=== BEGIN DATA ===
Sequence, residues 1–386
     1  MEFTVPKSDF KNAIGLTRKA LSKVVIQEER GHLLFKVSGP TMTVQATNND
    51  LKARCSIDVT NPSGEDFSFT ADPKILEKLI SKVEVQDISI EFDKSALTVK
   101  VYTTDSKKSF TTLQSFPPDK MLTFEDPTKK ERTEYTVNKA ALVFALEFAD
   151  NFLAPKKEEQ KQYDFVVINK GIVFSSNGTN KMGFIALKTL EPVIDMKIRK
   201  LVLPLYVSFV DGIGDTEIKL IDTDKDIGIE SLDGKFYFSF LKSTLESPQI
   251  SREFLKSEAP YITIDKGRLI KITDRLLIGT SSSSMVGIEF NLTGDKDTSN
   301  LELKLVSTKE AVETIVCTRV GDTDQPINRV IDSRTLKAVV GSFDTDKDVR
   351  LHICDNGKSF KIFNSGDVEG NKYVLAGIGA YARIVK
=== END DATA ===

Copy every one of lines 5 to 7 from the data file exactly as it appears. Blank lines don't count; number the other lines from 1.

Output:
   151  NFLAPKKEEQ KQYDFVVINK GIVFSSNGTN KMGFIALKTL EPVIDMKIRK
   201  LVLPLYVSFV DGIGDTEIKL IDTDKDIGIE SLDGKFYFSF LKSTLESPQI
   251  SREFLKSEAP YITIDKGRLI KITDRLLIGT SSSSMVGIEF NLTGDKDTSN